Learning from the pros: reframing the issue

If the controversy on the use of the Lubos_Motl handle by John Cook was interesting enough, the response of Skeptical Science was even more interesting.

This is how they introduce the issue to the readers:

A number of peer-reviewed studies have observed a link between climate science denial and conspiratorial thinking.

Hey, I know where this is going! Seemingly they want to frame their opponents as conspiratorial thinkers on the basis of these “peer-reviewed studies”.

I thought this was pretty funny. Didn’t one of those “peer-reviewed” studies had some Neatherthaler (aged 32,757 years) in it who filled in their survey and seem to be familiar with contemporary subjects? 🙂 Not detected by peer-review, by the way.

Wasn’t there also one toddler (aged 5 years!) who, despite its very young age, had a strong opinion on climate change? Kids mature quickly these days, sir. 🙂 For some mysterious reason the reviewers glossed over that one too. And if toddles are mature enough to fill in a survey, then a bunch of minors certainly are! Apparently also not caught by that magical peer-review.

Even worse, weren’t there some calculations done with this clearly questionable data and conclusions were drawn on it. The reviewers apparently were sleeping over that one.

It didn’t end there, didn’t one of those peer-reviewed studies had a title that was not exactly in line with what the data said. In fact, it was the EXACT OPPOSITE of what their own data showed. Peer-review wasn’t able to detect that one either.

There were still other problems with those studies. I remember for example the questionable way the survey of one of those papers was conducted, but the above shows that huge question marks should be raised about those papers, their alleged conclusions and the role of (or absence of critical) peer review.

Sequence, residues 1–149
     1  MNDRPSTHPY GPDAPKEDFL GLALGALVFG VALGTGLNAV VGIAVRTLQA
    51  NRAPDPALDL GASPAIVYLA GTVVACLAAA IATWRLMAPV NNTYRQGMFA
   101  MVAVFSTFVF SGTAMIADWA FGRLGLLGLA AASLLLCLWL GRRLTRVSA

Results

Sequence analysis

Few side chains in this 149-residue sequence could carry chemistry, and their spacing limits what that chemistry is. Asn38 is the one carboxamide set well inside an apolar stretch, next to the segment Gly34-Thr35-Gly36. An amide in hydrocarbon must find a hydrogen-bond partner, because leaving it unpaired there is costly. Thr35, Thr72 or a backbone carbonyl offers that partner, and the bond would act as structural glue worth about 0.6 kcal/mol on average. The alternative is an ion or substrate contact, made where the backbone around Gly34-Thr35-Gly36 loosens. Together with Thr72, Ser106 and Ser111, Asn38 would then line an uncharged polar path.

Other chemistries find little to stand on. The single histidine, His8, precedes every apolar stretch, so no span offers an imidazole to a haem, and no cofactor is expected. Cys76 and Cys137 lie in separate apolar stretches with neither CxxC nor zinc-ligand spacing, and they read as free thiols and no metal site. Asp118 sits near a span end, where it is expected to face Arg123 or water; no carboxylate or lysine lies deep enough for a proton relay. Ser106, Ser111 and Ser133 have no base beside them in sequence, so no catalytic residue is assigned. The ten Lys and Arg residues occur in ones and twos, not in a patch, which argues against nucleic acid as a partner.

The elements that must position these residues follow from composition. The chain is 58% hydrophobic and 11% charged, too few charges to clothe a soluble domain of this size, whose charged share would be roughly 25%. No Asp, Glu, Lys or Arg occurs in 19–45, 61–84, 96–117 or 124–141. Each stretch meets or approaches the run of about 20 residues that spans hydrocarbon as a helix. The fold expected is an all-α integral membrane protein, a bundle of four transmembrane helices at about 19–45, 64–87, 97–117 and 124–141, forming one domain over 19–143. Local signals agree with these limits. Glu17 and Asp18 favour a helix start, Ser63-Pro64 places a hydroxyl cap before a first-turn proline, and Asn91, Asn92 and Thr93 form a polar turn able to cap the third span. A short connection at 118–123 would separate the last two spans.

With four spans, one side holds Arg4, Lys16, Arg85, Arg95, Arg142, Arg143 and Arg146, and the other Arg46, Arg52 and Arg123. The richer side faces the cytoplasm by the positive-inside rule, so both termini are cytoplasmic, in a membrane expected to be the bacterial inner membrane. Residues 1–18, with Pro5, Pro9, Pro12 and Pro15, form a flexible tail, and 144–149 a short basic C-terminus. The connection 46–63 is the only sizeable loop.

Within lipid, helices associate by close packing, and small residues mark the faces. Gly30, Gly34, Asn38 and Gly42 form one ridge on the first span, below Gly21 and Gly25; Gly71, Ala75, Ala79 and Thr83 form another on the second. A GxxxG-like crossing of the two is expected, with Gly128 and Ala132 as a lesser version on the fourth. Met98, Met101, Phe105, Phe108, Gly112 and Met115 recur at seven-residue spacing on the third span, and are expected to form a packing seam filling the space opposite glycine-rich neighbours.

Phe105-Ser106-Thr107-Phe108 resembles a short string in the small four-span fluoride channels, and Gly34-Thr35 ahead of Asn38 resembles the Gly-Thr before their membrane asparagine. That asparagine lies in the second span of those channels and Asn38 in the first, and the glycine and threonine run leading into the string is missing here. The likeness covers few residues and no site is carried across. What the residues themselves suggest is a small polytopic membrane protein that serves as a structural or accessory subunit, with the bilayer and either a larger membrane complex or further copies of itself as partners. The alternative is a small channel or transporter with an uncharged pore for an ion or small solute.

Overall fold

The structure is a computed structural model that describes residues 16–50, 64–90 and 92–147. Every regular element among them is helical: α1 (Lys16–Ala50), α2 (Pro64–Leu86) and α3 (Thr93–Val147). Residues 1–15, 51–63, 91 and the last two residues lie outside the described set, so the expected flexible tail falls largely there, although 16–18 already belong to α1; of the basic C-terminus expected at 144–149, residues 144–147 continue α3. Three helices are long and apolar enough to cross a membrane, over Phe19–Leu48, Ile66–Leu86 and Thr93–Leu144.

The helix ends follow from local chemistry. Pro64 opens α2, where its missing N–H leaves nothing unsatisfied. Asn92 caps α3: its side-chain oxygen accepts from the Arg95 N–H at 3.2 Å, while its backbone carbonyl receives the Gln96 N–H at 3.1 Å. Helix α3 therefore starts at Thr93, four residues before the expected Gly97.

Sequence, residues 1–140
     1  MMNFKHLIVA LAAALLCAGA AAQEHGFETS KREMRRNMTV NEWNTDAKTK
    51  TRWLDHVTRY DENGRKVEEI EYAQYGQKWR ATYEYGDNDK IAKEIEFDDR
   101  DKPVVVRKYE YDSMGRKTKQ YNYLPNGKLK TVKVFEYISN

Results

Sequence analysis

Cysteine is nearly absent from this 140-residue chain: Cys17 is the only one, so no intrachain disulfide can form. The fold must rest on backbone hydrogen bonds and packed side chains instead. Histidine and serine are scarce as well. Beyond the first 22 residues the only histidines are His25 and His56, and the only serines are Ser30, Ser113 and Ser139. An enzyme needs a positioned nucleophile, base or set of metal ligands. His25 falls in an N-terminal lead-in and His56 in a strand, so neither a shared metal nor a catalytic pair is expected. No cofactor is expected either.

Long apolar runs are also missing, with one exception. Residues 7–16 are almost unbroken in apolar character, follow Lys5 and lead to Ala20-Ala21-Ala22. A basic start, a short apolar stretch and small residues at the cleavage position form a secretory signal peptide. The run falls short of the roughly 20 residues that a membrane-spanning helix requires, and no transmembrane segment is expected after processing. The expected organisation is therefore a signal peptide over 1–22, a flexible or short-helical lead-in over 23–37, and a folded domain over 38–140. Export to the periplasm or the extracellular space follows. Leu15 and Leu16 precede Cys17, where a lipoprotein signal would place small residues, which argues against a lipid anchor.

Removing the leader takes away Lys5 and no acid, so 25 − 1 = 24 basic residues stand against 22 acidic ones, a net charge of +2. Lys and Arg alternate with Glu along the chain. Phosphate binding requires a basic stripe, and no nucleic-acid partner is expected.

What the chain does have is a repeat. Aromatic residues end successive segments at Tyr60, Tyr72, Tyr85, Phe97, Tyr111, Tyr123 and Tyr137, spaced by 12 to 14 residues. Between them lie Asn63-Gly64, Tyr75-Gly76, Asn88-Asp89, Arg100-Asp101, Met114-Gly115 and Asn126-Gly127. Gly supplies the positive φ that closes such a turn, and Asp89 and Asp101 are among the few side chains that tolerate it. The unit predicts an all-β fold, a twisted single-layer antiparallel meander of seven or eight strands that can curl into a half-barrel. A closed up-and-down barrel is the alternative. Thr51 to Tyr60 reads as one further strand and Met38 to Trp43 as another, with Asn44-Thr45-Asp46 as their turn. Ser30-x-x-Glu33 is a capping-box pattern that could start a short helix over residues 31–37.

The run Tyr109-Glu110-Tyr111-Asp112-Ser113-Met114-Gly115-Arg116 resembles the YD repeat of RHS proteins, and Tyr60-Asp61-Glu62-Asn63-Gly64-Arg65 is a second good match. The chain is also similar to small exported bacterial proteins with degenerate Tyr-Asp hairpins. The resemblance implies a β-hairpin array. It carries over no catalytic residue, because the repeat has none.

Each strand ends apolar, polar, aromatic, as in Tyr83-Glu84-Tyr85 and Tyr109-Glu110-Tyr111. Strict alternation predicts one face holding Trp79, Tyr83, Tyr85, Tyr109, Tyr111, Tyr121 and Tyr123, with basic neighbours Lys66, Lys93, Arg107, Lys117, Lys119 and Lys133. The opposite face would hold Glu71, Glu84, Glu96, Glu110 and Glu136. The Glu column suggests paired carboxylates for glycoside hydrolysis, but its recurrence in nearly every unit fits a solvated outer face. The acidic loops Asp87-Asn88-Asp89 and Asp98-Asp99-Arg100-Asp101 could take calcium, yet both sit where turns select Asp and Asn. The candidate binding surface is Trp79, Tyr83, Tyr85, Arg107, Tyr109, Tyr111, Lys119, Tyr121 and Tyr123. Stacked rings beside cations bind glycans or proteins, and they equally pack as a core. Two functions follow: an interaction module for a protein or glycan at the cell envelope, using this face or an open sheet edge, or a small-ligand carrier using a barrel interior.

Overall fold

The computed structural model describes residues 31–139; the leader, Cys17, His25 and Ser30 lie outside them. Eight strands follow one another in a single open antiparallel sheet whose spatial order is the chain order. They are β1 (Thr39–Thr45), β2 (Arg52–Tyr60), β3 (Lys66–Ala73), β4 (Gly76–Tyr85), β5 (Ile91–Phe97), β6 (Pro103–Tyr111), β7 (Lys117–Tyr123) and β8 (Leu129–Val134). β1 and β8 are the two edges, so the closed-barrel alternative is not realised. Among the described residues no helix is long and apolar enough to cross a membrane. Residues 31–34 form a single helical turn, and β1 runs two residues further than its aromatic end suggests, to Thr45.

Those obvious errors still aren’t corrected until now. So far for the honesty of the creators of those papers. There was however one of those studies that was retracted, because of ethical reasons (also not caught by that famous peer-review).

So their claim that “studies have observed a link between climate science denial and conspiratorial thinking” should not be taking serious.

The response continues:

The most prominent examples are the conspiracy theories extrapolated from quote-mined excerpts of stolen private correspondence of climate scientists, in the episode known as climategate.

That’s odd. Climategate does learn us a lot of things, but as far as I know a conspiracy is not one of them… In fact, there is no need for a conspiracy, because the current situation is perfectly explainable otherwise. Most skeptics are telling that over and over again. On the other hand, it are the alarmists who tell skeptics are conspiratorial thinkers, probably because that is the only way they can make sense of it, based on a fundamentally misunderstanding of the skeptical position. At least that is my opinion.

After these two misleading arguments, those who have no background of the actual situation will equal those opponents as a bunch of loonies and critical thinking is shut down or diminished. Nicely done. They seem to have done this before. That’s when Skeptical Science finally could frame the issue their way:

A similar conspiratorial episode spun from quote-mined stolen private correspondence was published by Lubos Motl this week, and has been uncritically propagated by other online commenters.